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[whitespace] Vida Vitality Plus: Peninsula hot spot for French bistro fare exudes energy.

Photograph by Goerge Sakkestad

Street Vida

Bistro cuisine hits Menlo's emerging food mecca

By Christina Waters

THE JOIE DE VIVRE threatens to expand the very walls of Vida, Menlo Park's current bistro of choice. And that was just what we came in search of last weekend, at the urging of friends who've made Vida their second home. Under the eye of energetic proprietor Ali Elsafy, Vida exudes atmosphere, from its smart bar and procession of enormous cylindrical chandeliers--very Brasilia 1965--to its blackboard menu of wines and specials. Mirrors line the long room, just like they do in Left Bank brasseries, so that there's never a bad seat in the house, and the sheer vitality of the watermelon-red walls is sensuously infectious.

Like everybody else, we wanted bistro fare spun through Bay Area culinary consciousness, and to fuel that mission we ordered a bottle of Tobin James Deep Purple Zinfandel 1998 ($29). Our waiter--charming, witty and knowledgeable about cuisine as well as serving diplomacy--lacked the surliness needed to be truly Parisian. But we forgave him. Especially when our starters arrived. (Note that like every popular peninsula dining room, Vida's kitchen can be taxed to the max on weekends--so nurse that cocktail and relax if there's a brief wait between courses.) Sharon's Caesar salad ($7) and Peter's potato leek potage du jour ($6) were impeccably authentic. The delicate, satiny soup quenched that Euro craving and the salad--composed of hearts of Romaine and topped with reggiano bread crumbs rather than croutons--was just an anchovy shy of perfection. Through the enormous French windows we watched the moon rise in the indigo sky just as I finished my starter of roasted quail ($8). I love the way the warm game wilts its bed of greens and poached pears, which had been drizzled with an excellent sherry vinaigrette. Vida's chalkboard motto is "regional homey French cuisine," and so far it had lived up to that philosophy.

Our main dishes showed off the kitchen's California spin on simple French cookery. Peter was transported by a plate of boudin noir sausage ($12.50), topped with sautéed pears and sided with green beans and broccoli. Rich, earthy, direct--it was, in his world-traveled opinion, as good as he'd had anywhere. Jack's grilled swordfish ($19), cut thin like an entrecote, was delicious, and it was joined by a mango salsa and a generous pool of Tuscan-style white beans--a culinary mixed metaphor that was a huge success. Sharon's plat du jour, which she dubbed "paella a la française," added tomato and green peppers to its otherwise authentic and moist saffron-perfumed rice, mussels, sausage and chicken ($19). Every bite disappeared. My coq au vin ($18) was a lovely creation of fine mashed potatoes and slow-simmered chicken leg and thigh. The sauce was laced, alas not with wine and mushrooms, but with tomato, peas and minced carrots, all reasonable but certainly not traditional choices. I missed the assertive depth of red wine--lots of coq, little vin. Quel dommage. However, with ambience so satisfying and a room so utterly confidant, we weren't complaining.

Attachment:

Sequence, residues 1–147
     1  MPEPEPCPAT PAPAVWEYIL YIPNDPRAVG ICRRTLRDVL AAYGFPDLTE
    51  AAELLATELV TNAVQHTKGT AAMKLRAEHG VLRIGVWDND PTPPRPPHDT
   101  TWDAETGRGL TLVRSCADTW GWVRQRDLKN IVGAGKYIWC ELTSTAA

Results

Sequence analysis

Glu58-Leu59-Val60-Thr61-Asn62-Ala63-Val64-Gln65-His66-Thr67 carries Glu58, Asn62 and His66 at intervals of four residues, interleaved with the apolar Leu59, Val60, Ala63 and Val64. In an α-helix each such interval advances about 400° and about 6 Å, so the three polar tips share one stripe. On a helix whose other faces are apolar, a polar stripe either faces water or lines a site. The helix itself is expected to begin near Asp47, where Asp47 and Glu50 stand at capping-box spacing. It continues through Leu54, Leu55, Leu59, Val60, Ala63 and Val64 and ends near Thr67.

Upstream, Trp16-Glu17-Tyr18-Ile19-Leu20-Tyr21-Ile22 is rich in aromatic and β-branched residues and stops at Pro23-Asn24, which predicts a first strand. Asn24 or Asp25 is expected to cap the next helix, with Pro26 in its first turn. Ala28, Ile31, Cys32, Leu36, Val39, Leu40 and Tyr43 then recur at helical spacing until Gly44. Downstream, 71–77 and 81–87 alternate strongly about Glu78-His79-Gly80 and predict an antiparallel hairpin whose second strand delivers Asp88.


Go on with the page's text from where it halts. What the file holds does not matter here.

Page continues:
Along with decaf cappuccinos, we all split two of the house desserts, a tarte tatin and a peach rhubarb cobbler with crème fraîche ($6 each). Four forks moved deftly, managing to score bites of the luscious desserts through a forest of glasses that had sprung up in the center of our white-linened table. The warm tarte was deeply satisfying, all but levitating with the robust presence of the intensely flavored apples. The peach rhubarb cobbler proved to be less of a cobbler than a thin layer of fruit topped with addictively tangy crème fraiche. There is almost nothing on this planet that cannot be improved by a bit of crème fraîche, and we all decided that the perfect dessert would have been the superior tarte tatin plus crème fraîche, instead of its original scoop of vanilla ice cream. At Menlo Park's appealing Vida, fine bistro dishes and welcoming prices are enfolded into a vivacious crowd of real people.

Address: 641 Santa Cruz Ave., Menlo Park
Phone: 650.462.1686
Hours: Lunch 11:30am-2pm Tue-Sun; dinner 5:30-10pm Tue-Sun; brunch 9:30am3pm Sat-Sun
Cuisine: California bistro; full bar
Entrees: $12.50-$23.50

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From the May 10-16, 2001 issue of Metro, Silicon Valley's Weekly Newspaper.

Copyright © 2001 Metro Publishing Inc. Metroactive is affiliated with the Boulevards Network.

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